111, Lilybank House
University of Glasgow
Glasgow G12 8RT, United Kingdom
Troublemakers in the streets? A framing analysis of newspaper coverage of protests in the UK 1992-2016
- Computational Social Science
- Quantitative Text Analysis
- Protest and Democracy
- News Media
In my thesis, I’m trying to find out how the media in the UK portrays protest events. Most literature about the topic assumes that the messages of protests are marginalised by the media through routinized framing, i.e. a focus on disruption by and deviance of protesters. In my project, I collected all newspaper articles published in selected UK newspaper outlets that mention a protest over the last 25 years (1992-2017) and will analyse the content via supervised and unsupervised methods of computational text analysis.
- Gruber, J. (2019a). LexisNexisTools. An R package for working with newspaper data from ’LexisNexis’. R package version 0.2.3. https://github.com/JBGruber/LexisNexisTools.
- Gruber, J. (2019b). rwhatsapp. An R package for working with WhatsApp data. R package version 0.1.0. https://github.com/JBGruber/rwhatsapp.
- Leifeld, P., Gruber, J., and Henrichsen, T. (2019c). rDNA. A Package to Control Discourse Network Analyzer from R. University of Glasgow, School of Social and Political Sciences, Glasgow. R package version 2.1.19. https://github.com/leifeld/dna.
- Ninth Annual Conference on New Directions in Analyzing Text as Data (TADA 2018) travel and accommodation fund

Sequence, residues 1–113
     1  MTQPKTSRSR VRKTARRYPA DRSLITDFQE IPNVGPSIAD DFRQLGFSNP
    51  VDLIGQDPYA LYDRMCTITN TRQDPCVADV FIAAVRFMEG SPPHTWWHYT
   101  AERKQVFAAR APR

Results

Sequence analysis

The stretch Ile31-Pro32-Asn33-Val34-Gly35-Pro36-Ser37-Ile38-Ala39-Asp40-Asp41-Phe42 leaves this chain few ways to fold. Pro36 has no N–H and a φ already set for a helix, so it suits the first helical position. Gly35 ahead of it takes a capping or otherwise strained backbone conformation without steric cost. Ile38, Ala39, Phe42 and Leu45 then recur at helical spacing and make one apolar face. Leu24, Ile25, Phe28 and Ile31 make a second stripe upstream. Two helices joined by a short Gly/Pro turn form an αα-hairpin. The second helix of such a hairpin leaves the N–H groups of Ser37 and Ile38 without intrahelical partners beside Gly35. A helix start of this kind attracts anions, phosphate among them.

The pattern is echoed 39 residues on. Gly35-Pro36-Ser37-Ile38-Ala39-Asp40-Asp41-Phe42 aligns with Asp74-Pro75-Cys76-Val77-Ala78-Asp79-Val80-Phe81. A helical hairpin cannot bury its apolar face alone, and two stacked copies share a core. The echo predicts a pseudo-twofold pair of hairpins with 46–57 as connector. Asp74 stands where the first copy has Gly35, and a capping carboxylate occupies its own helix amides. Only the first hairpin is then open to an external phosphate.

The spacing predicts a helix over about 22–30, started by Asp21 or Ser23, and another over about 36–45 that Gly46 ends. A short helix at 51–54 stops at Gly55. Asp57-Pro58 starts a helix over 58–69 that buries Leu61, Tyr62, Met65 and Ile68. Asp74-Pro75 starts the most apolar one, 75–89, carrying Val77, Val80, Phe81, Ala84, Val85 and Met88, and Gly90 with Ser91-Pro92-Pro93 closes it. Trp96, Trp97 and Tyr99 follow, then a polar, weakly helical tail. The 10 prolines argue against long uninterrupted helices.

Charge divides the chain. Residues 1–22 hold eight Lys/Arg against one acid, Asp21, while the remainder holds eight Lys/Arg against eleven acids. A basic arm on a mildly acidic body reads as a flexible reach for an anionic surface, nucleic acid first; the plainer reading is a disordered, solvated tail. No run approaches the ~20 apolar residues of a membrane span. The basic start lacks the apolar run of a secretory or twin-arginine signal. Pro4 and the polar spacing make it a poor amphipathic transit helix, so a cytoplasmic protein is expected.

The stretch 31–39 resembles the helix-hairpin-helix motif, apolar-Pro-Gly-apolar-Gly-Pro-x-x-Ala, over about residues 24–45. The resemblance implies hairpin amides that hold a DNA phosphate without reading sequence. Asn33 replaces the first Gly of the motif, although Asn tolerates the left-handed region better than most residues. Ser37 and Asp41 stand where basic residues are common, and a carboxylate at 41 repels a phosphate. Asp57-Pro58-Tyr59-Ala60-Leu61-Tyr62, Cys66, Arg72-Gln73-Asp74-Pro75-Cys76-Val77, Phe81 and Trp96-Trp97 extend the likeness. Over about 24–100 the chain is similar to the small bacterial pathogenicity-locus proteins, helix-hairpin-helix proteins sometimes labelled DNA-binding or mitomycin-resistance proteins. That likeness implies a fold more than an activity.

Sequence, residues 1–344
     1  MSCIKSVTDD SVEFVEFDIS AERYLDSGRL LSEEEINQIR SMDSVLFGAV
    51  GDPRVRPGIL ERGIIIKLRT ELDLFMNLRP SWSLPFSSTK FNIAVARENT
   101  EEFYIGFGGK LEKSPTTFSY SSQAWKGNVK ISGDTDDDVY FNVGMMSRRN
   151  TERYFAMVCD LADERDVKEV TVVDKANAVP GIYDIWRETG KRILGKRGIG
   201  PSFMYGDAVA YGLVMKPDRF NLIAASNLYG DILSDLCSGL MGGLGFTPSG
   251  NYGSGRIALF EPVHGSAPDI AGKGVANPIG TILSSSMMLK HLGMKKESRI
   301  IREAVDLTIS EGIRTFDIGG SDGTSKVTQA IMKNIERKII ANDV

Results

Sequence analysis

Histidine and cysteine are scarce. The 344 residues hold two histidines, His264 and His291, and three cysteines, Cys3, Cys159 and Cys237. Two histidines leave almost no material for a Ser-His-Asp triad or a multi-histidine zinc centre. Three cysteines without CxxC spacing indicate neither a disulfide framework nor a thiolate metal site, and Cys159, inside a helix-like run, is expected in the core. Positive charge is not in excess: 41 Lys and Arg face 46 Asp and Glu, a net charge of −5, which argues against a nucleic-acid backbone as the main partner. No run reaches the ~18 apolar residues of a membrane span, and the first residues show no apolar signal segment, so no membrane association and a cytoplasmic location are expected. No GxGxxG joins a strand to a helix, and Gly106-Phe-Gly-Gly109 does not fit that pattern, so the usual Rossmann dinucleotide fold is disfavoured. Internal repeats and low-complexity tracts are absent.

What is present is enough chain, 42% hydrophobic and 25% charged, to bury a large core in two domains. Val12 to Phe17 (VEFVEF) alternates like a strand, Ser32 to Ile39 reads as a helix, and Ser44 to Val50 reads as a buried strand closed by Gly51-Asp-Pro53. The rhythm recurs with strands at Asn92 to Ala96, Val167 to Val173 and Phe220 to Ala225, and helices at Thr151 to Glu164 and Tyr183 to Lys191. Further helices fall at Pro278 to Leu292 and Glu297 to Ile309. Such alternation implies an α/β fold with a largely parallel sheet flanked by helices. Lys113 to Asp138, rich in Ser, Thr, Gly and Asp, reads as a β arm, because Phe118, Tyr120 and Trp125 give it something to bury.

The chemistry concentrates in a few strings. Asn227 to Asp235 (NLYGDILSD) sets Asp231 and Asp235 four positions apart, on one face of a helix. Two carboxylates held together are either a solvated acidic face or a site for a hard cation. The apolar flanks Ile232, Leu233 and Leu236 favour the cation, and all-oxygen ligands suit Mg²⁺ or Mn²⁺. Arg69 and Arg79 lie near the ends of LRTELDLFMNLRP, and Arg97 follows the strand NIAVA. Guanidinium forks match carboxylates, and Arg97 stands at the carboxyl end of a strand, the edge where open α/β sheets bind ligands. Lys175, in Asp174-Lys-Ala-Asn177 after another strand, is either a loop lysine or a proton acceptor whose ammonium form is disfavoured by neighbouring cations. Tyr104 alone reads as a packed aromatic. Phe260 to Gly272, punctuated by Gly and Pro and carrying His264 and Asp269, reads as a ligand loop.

- 2017 Text Learning Workshop at the London School of Economics and Political Science travel and accommodation fund
- PGR experience fund
- College of Social Sciences Scholarship
- European Consortium for Political Research 2019 General Conference, Wrocław (ECPR 2019)
- Fifth International Conference on Computational Social Science (IC2S 2 2019)
- Ninth annual conference of the European Political Science Association (EPSA 2019)
- Quantitative Text Analysis Dublin (QTA-DUB 2019)
- Ninth Annual Conference on New Directions in Analyzing Text as Data (TADA 2018)
- Invited guest lecture in course "Automatisierte Inhaltsanalyse für Textdaten mit R" (Automated content analysis for text data with R), Goethe-University Frankfurt—topic: Introduction to LexisNexisTools. 29/05/2019
- Teaching Assistant, ECPR Winter School, course: Introduction to Discourse Network Analysis (DNA). 22-23/02/2019
Before starting the PhD program, I have studied MSc Political Communication at the University of Glasgow (2014-2015), MA Political Theory at the Goethe University Frankfurt and TU Darmstadt (2012-2017) and BA Political Science, Economics and Economic Studies in History at the RWTH University Aachen (2009-2012). I’m interested in the relationship between protest and representative democracies since doing my undergraduate and have explored the topic from various perspectives since then. During my MSc in Political Communication I found out about computational text analysis and therefore was able combine two of my passions: political science and programming. Since then I’m using the open source environment R with ever-growing joy and decent success.